Little Italy has changed dramatically since the days when it featured the highest concentration of Italian people in the city. While around half the residents of Little Italy were Italian in 1950, now that number is around 5 percent. Regardless of this change in demographics, Little Italy still has some of Manhattan’s best and oldest Italian restaurants, so it is worth a visit.
The neighborhood includes around three blocks on Mulberry Street to the south of Houston Street. Italians settled here in large numbers around the end of the 19th century. They lived in the tenement houses that still line the streets around this area.
Several of the restaurants in Little Italy were established at the beginning of the 20th century. Order a pie at Lombardi’s Pizza, the place considered to be the first pizzeria in America. Lombardi’s was established in 1905 and it has sold pizza ever since. Another restaurant, Angelo’s, has been around since 1902, making it one of the oldest Italian restaurants in the city.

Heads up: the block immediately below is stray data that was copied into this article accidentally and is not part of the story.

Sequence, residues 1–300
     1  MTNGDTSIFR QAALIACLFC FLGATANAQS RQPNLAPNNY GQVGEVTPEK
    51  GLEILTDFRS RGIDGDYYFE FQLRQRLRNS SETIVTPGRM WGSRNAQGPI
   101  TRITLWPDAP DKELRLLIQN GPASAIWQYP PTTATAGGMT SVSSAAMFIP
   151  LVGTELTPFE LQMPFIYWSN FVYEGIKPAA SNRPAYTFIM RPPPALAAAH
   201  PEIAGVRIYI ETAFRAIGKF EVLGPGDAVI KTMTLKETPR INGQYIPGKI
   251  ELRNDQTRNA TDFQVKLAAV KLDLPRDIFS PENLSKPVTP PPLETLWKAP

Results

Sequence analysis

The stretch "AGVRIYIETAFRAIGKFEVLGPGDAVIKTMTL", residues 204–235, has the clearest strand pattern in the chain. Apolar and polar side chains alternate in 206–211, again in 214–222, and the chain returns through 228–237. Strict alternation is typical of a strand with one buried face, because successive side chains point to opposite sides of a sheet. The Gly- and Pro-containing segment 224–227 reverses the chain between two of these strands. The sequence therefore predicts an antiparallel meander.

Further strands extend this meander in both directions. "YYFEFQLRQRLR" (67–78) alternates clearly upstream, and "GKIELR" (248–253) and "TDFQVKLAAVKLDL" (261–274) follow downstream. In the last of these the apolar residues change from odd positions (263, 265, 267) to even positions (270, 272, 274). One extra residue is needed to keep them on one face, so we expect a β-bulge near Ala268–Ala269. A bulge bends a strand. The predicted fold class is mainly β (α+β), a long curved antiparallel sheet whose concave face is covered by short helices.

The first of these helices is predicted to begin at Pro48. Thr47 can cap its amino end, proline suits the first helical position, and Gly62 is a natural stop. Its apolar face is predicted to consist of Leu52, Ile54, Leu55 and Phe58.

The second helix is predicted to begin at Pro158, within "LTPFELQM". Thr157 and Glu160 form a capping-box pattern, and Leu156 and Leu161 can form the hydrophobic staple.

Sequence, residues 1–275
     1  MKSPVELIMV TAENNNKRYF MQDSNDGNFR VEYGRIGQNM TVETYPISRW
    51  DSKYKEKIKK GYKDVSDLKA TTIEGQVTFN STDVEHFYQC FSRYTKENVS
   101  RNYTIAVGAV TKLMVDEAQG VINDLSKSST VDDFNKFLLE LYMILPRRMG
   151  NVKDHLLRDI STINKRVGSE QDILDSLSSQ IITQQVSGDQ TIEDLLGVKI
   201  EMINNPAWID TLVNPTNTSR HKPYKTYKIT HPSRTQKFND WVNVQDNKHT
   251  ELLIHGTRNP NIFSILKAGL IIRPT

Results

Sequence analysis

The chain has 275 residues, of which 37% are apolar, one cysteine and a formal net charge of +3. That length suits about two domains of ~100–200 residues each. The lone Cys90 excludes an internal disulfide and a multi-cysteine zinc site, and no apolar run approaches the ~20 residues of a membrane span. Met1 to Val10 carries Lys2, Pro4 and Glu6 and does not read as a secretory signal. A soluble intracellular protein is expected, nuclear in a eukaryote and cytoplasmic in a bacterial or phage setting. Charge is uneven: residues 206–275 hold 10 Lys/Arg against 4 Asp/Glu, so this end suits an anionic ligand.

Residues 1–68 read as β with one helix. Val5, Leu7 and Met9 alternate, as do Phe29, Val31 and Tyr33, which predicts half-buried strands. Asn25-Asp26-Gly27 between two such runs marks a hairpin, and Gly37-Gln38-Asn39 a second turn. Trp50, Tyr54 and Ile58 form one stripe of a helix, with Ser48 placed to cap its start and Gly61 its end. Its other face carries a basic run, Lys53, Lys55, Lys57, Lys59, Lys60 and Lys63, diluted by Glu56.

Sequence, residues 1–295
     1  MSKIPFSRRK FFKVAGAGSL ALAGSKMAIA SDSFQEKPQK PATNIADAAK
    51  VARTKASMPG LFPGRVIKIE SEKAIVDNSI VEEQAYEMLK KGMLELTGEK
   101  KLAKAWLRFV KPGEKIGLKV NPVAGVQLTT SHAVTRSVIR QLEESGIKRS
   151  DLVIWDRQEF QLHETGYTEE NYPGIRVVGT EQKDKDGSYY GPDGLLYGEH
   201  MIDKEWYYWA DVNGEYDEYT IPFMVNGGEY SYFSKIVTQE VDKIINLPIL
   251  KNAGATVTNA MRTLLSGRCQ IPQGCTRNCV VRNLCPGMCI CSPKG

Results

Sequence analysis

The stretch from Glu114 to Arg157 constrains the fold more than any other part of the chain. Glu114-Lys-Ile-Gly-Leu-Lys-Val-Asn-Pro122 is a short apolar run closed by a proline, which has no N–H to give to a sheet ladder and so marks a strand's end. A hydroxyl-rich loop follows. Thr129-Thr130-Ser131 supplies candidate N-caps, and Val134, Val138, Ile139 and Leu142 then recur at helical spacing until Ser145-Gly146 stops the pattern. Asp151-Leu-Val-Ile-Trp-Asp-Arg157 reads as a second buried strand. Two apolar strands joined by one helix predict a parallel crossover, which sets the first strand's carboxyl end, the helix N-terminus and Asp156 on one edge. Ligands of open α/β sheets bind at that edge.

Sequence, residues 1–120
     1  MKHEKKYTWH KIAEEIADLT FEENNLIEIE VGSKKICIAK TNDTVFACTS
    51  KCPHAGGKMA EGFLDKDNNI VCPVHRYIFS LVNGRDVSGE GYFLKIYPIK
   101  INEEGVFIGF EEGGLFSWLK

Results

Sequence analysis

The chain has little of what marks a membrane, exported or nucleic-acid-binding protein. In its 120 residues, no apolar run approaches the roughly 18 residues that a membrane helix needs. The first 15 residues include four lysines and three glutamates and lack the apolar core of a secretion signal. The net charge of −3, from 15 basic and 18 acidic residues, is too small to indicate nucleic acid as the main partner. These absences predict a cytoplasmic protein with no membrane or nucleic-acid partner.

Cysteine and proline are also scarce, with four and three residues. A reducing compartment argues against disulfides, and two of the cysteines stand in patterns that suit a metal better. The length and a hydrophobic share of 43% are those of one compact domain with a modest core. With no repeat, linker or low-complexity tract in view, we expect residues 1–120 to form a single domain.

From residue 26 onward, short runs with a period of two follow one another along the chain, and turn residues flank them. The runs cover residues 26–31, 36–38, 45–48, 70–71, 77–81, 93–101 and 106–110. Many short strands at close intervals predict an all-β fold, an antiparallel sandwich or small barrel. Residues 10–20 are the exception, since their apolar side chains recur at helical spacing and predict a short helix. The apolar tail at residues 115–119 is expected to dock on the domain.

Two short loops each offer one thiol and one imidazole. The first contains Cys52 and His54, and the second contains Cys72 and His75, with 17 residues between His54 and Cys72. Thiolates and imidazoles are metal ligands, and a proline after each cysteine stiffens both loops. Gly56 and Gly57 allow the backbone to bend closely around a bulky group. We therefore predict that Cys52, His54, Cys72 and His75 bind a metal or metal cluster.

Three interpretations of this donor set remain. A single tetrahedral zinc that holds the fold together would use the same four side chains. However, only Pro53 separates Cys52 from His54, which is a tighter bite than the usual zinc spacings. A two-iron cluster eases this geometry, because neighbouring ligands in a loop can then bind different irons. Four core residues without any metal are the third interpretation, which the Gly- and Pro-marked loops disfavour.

It is not only the old restaurants that are worth visiting in Little Italy. Pellegrino’s was only established in the 1990s, but it is still one of the most popular and best-reviewed restaurants in the area.
If you are in New York during September, make sure you catch the San Gennaro festival in Little Italy. Lasting 11 days in the middle of the month, this religious festival closes down Mulberry Street. Buy food from street vendors and play carnival games alongside performing musicians. Watch professional eaters take on one of Italian cuisine’s richest foods in a world-famous cannoli-eating contest.
Little Italy is located just to the northwest of Chinatown. Reach it via the metro train or several different bus lines. A paid parking lot is available on Mulberry Street as well.